Working memory, and intelligence, could be expanded millions of times. There would be many ways to do this but one of the most interesting ways would be to manipulate something called “sustained firing.” The ability of neurons in the brain’s association areas, such as the prefrontal cortex, to engage in sustained firing allows them to maintain whatever information they encode for as long as they keep firing. This firing can last up to a minute at a time and allows us to keep specific representations active for sustained periods. If we didn’t have this ability we could not have a train of thought and thus. Sustained firing in humans lasts for longer than any other animal, but if it was made even longer then we would be less forgetful, near-sighted, and impulsive, and far more intelligent. Merely, increasing the duration of sustained firing in an AI could vastly expand its awareness and mental capabilities.
Using techniques like these to amplify the working memory of a digitally reanimated brain would result in interesting abilities. A digital brain that could coactivate many more parameters and specifications (memory fragments) would perform searches for associations with much more specificity. This could result in the ability to completely recall events that a biological brain could not. This could allow you to recover distant memories that you have long since forgotten. In fact, you might be capable of remembering virtually any semantic knowledge that you had acquired before (such as facts about the world), and also a great deal of episodic memory (such as minute details about every birthday you ever had).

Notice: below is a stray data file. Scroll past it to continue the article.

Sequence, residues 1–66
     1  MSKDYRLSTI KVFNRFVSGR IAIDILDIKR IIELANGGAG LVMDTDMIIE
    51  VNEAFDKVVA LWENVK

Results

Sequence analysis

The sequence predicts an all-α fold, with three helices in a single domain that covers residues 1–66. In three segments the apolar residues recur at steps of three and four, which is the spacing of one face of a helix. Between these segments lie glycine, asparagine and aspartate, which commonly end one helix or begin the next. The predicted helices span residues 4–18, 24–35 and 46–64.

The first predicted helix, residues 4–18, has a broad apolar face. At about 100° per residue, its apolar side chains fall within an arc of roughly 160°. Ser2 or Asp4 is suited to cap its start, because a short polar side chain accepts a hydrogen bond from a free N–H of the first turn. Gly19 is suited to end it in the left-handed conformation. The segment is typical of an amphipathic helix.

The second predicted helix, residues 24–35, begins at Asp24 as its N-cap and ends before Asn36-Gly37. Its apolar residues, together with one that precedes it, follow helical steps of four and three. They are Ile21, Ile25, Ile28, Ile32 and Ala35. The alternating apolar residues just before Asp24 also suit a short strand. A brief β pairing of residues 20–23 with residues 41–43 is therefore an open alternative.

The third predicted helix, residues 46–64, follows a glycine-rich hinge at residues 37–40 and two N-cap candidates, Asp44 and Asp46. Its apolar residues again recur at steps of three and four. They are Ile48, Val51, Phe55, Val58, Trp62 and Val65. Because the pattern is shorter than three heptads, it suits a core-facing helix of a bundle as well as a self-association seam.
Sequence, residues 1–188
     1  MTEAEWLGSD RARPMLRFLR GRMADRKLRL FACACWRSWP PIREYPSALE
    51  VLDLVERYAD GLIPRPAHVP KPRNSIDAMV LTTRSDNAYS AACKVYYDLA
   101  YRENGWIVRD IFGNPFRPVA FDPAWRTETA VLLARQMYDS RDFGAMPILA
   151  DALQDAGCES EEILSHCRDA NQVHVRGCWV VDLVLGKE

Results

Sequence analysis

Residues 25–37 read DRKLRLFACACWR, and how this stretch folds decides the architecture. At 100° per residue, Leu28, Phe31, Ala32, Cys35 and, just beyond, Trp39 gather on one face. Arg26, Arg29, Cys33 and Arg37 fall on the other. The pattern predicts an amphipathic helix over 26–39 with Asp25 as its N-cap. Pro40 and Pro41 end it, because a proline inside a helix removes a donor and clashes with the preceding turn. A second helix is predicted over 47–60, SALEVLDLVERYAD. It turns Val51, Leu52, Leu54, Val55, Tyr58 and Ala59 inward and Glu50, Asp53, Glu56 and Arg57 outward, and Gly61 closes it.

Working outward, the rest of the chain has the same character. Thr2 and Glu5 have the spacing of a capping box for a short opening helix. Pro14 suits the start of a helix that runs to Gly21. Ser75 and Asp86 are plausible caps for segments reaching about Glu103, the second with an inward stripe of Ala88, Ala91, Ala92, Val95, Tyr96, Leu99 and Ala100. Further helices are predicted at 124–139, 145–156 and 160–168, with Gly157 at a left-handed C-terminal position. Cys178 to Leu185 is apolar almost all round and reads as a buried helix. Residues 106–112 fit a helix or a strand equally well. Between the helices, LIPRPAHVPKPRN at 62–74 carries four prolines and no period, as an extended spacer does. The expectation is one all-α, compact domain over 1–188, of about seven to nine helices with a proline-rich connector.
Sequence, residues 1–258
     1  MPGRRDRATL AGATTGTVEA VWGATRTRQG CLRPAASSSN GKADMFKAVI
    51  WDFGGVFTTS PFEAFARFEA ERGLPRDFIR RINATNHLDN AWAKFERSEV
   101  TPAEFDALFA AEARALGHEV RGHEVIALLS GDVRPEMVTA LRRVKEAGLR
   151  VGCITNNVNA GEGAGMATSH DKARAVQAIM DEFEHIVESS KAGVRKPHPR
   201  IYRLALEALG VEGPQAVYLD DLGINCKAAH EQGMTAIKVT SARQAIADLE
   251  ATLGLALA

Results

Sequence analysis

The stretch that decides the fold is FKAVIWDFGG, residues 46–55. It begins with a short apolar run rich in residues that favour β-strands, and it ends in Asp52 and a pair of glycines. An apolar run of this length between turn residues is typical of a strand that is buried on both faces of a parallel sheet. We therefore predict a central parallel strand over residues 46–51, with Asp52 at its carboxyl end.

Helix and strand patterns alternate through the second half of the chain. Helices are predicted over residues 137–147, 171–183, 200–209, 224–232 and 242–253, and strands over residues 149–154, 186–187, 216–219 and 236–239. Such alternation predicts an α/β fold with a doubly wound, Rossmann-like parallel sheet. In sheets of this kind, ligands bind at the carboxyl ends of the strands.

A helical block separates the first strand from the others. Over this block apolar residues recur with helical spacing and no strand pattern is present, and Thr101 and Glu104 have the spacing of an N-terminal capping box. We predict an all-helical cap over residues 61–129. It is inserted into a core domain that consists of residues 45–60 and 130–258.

If the hardware and software is consistently upgraded your intelligence and knowledge will grow geometrically. Constant tweaks, additions, and improvements to our artificial minds would cause us to rapidly gain computational power in the same way that computers did in the last 70 years. Thus as we aged we would consistently get smarter. Each day you would think faster and more comprehensively. But even more excitingly, this computational power would enhance our very sentience. We could become incomprehensibly intelligent and commune with other superintelligent beings in fantastic ways. Imagine a hyperintelligent future version of yourself that was able to engage in a form of profound post verbal communication with hundreds of other entities simultaneously.